Doing this requires ruthless focus on your part, but the boost in conversions will make it all worth your while.

User flow that supports Flow

Flow, as a mental state, was first proposed by psychology professor Mihaly Csikszentmihalyi. It’s a state of being that makes an experience genuinely satisfying. Everybody has experienced it. Most people refer to it as being “in the zone” or “in the groove”.

During flow, people typically experience deep enjoyment, creativity, and a total involvement with the task at hand. There’s a book about it.

Ideally your user flow helps to nurture the flow experience in your users. Three ingredients for the “flow” experience are challenge of the right level, immediate feedback and a skill that can be mastered.

In order to design your site for flow, according to Jim Ramsey you must:

  • Have clear goals for users that help them understand where they’re going and each step they’ll take to get there.
  • Provide immediate feedback – whether they click on a button, fill a form or navigate from one page to another – tell them how they’re doing, and what’s going on. The messages and copy have a critical role here.
  • Maximize efficiency Once a user becomes familiar with your site, they’ll want to start using it more efficiently. When they’re experiencing flow, users want to work more quickly and want the site to feel more responsive. Heavily use the key features of your site and see if there are any annoying, repetitive tasks. Pay close attention to the feedback you get in your user tests. Think hard about how to turn the experience frictionless.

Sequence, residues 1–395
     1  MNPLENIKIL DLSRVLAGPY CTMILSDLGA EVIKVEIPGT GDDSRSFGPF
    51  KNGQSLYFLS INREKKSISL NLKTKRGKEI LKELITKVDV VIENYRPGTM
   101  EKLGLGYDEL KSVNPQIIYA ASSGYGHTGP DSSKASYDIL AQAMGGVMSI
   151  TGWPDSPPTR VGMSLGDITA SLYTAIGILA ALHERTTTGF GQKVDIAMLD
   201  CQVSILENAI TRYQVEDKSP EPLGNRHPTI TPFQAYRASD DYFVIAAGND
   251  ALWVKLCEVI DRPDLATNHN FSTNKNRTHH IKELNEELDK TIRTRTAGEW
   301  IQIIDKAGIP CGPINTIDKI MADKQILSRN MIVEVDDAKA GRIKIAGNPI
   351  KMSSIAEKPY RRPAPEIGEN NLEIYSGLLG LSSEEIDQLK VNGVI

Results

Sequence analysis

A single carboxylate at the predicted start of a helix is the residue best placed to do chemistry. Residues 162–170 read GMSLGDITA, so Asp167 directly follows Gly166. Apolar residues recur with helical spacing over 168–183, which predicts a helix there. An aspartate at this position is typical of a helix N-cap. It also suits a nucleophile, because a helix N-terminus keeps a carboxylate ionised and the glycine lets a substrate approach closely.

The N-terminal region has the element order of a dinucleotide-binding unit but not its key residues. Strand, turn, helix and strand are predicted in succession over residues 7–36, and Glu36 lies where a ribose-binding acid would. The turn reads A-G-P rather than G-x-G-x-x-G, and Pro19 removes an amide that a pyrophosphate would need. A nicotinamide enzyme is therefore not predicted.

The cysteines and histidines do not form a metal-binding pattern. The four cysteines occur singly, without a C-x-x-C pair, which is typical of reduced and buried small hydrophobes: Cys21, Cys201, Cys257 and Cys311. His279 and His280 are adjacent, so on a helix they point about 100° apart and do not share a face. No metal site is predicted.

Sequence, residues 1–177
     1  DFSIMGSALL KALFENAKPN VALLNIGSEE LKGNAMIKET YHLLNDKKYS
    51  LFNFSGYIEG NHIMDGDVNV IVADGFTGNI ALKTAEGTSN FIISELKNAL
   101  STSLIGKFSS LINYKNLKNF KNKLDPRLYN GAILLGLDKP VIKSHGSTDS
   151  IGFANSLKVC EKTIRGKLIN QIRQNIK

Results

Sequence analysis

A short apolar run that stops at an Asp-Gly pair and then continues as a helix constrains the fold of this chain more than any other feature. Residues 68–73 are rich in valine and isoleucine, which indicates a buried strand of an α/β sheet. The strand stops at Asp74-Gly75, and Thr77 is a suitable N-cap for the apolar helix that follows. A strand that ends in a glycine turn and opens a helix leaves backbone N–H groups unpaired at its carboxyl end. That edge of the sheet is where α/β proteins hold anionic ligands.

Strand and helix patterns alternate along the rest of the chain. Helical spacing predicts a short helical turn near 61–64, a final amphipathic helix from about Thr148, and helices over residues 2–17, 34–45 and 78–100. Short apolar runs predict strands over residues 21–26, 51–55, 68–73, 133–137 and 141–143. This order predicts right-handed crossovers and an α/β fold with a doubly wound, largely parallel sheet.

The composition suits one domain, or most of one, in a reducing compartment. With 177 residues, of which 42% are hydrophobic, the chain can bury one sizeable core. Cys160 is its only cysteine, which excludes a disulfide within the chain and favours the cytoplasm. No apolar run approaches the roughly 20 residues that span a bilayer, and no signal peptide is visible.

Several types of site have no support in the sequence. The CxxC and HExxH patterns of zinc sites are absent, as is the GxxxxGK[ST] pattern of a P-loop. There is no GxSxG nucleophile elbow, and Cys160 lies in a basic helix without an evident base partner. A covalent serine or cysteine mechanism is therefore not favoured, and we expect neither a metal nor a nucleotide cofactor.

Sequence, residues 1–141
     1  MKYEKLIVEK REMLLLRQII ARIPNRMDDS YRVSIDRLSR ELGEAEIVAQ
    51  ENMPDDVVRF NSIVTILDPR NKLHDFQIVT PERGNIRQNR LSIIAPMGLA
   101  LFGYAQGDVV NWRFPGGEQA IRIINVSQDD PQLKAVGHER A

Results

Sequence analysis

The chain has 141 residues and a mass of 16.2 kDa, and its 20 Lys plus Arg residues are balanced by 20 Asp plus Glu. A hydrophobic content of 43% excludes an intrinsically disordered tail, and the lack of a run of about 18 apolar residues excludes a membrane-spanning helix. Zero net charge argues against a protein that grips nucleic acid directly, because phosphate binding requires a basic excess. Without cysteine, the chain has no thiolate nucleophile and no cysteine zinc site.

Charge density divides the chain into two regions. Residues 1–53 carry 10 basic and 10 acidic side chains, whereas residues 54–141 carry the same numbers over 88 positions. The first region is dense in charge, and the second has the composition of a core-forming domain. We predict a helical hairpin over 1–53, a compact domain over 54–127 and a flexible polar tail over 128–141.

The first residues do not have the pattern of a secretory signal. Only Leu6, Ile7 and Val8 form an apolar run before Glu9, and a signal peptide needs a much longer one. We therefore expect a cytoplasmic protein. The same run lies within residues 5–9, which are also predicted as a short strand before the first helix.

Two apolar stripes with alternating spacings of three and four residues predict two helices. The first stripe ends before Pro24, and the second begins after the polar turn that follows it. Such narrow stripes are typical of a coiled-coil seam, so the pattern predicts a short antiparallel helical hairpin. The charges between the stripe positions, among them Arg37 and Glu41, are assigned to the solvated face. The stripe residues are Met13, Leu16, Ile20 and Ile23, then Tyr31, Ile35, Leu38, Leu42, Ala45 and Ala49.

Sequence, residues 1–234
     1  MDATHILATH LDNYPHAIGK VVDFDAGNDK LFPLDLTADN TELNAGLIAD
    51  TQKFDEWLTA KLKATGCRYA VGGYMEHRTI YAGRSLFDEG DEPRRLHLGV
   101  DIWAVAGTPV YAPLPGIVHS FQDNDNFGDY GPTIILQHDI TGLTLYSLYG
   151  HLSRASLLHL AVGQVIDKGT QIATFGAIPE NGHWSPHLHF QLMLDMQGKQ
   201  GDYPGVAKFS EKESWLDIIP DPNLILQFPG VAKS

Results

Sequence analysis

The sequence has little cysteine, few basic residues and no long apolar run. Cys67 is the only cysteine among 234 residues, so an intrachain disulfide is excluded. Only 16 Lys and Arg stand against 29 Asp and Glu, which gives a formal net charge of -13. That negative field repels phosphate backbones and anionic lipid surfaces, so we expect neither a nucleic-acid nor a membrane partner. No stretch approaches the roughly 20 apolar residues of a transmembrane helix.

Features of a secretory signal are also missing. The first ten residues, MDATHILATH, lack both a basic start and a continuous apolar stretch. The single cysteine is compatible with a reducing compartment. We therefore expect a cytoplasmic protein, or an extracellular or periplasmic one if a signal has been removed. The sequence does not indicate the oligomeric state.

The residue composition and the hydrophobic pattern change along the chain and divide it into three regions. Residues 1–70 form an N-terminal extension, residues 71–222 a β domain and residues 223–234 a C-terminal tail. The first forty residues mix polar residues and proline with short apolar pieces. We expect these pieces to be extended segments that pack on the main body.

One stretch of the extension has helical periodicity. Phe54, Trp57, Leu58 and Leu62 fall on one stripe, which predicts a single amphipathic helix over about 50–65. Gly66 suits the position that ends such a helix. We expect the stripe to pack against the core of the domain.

• Allow for discovery. Once a user has begun to work with maximum efficiency, there’s a chance that they’ll feel less engaged and grow bored with their experience on the site. In order to avoid this, you should make content and features available for discovery.

When the smooth path is interrupted, or something doesn’t seem to fit, users notice and the flow is broken, which means that the experience is also momentarily broken. These small episodes of friction are cumulative. Unfortunately, the breaks in flow weigh more heavily on the experience than the positive, frictionless moments. Experimenting and testing are key to getting it right.

Clutter, animation, and surprises may interrupt and be disruptive. Online, people don’t like surprises (especially the kind where they go “now what?”, “how do I…” or “what’s that?”). Take out or improve that might cause friction. Less is more: remove visual and navigational noise that might seem like clutter to users.

I’m an Amazon user and have bought a million things from it. I’m very familiar with their interface and while on it, it’s a flow-like experience for me. Today I was browsing Home Depot website looking for certain things, and it was a pretty bad experience. No flow over there.